42. 42. Final Set of Clustered Solutions • Final solution set after some time. • Still complex but some structure is revealed • Note presence of “fbs” despite not being globally correlated and that “chol” helped define the context space Context in Environmental Modelling - the room around the elephant, Bruce Edmonds, iEMSs, Leipzig, July 2012, slide 42
    43. 43. Clusters of Model Scopes suggest aContext M 1 M1 M2 suggests a contextA useful context is one that: – includes related models with different goals/predictions but similar scope Context in Environmental Modelling - the room around the elephant, Bruce Edmonds, iEMSs, Leipzig, July 2012, slide 43
    44. 44. Basic Cognitive Model Reasoning/plan Context ning/belief Recognition revision/etc. Context-Structured Memory• Rich, automatic, imprecise, messy cognitive context recognition using many inputs (including maybe internal ones)• Crisp, costly, conscious, explicit cognitive processes using material indicated by cognitive context Context in Environmental Modelling - the room around the elephant, Bruce Edmonds, iEMSs, Leipzig, July 2012, slide 44
    45. 45. Example – models in the cognition ofa trading agent 950 Volatility - past 5 periods 900 850 800 750 700 750 850 950 Volume - past 5 periods Context in Environmental Modelling - the room around the elephant, Bruce Edmonds, iEMSs, Leipzig, July 2012, slide 45
    46. 46. The model contents in snapshot ofone trader model-256 priceLastWeek [stock-4] model-274 priceLastWeek [stock-5] model-271 doneByLast [normTrader-5] [stock-4] model-273 IDidLastTime [stock-2] model-276 IDidLastTime [stock-5] minus [divide [priceLastWeek [stock-2]] model-399 [priceLastWeek [stock-5]]] [times [priceLastWeek [stock-4]] [priceNow [stock-5]]] Context in Environmental Modelling - the room around the elephant, Bruce Edmonds, iEMSs, Leipzig, July 2012, slide 46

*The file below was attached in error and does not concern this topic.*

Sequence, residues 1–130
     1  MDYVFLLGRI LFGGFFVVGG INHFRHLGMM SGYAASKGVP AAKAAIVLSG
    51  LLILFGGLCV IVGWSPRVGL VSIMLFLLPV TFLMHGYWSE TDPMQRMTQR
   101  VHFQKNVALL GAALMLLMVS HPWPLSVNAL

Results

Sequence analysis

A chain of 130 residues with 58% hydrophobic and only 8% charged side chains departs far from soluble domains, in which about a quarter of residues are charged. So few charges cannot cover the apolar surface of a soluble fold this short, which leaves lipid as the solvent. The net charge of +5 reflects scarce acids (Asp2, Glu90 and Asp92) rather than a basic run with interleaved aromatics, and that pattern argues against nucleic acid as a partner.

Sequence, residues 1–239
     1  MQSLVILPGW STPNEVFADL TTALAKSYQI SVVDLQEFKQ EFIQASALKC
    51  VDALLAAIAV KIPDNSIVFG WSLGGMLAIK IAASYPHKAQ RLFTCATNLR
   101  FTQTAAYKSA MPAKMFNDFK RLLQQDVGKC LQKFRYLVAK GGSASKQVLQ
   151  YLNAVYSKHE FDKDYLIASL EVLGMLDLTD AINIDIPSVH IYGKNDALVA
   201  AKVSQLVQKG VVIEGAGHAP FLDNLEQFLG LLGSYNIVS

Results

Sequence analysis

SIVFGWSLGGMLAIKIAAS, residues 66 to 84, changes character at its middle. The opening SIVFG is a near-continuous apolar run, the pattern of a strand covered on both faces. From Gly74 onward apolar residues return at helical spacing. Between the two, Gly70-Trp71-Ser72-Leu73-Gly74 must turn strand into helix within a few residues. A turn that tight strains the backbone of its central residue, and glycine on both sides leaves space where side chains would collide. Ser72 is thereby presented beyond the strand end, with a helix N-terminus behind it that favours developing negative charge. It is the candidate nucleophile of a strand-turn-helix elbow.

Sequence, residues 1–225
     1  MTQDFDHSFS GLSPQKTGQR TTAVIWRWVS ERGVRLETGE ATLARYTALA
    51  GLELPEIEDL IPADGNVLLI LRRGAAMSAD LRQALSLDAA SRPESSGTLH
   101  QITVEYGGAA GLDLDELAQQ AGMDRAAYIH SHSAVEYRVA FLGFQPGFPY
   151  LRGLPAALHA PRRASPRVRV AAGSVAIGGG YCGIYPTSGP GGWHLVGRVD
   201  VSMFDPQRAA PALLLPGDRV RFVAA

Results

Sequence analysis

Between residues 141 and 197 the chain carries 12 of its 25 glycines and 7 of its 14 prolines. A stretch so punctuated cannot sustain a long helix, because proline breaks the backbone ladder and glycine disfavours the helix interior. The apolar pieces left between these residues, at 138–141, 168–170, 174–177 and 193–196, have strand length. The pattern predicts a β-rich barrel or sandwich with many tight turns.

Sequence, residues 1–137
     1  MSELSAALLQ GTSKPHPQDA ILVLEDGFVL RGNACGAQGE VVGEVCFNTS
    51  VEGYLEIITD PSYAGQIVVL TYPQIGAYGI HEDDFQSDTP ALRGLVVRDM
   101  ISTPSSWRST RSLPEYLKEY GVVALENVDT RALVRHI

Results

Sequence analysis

47. 47. Total Assets in a Typical Run 30000Total Value of Assets 25000 20000 15000 10000 5000 0 0 100 200 300 400 500 Time Black=context, White= non-context Context in Environmental Modelling - the room around the elephant, Bruce Edmonds, iEMSs, Leipzig, July 2012, slide 47
    48. 48. Some Simulation Work addressingContext-Dependency in Cognition• (Schlosser & al 2005) argue that reputation is context dependent• (Edmonds & Norling 2007) looks at difference that context-dependent learning and reasoning makes in an artificial stock market• (Andrighetto & al 2008) show context- dependent learning of norms is different form a generic method• (Tykhonov & al 2008) argue that trust is context dependent Context in Environmental Modelling - the room around the elephant, Bruce Edmonds, iEMSs, Leipzig, July 2012, slide 48
    49. 49. Conclusions• Ignoring it and simply hoping it won’t matter is not an option (if we are serious about our project)• There are ways forward to meaningfully make progress in dealing with context-dependency• And some of these involve the integration of qualitative/in situ approaches with quantitative/formal modelling• We will need a LOT more data both multi-dimensional and at a finer-granularity, but this is starting to come on stream• Context seems to be an important factor impeding the integration of both: action-oriented and model- based approaches, as well as quantitative and qualitative approaches• Please help Context in Environmental Modelling - the room around the elephant, Bruce Edmonds, iEMSs, Leipzig, July 2012, slide 49
    50. 50. Ad for a workshop! The End Bruce Edmonds http://bruce.edmonds.nameCentre for Policy Modelling http://cfpm.org Context in Environmental Modelling - the room around the elephant, Bruce Edmonds, iEMSs, Leipzig, July 2012, slide 50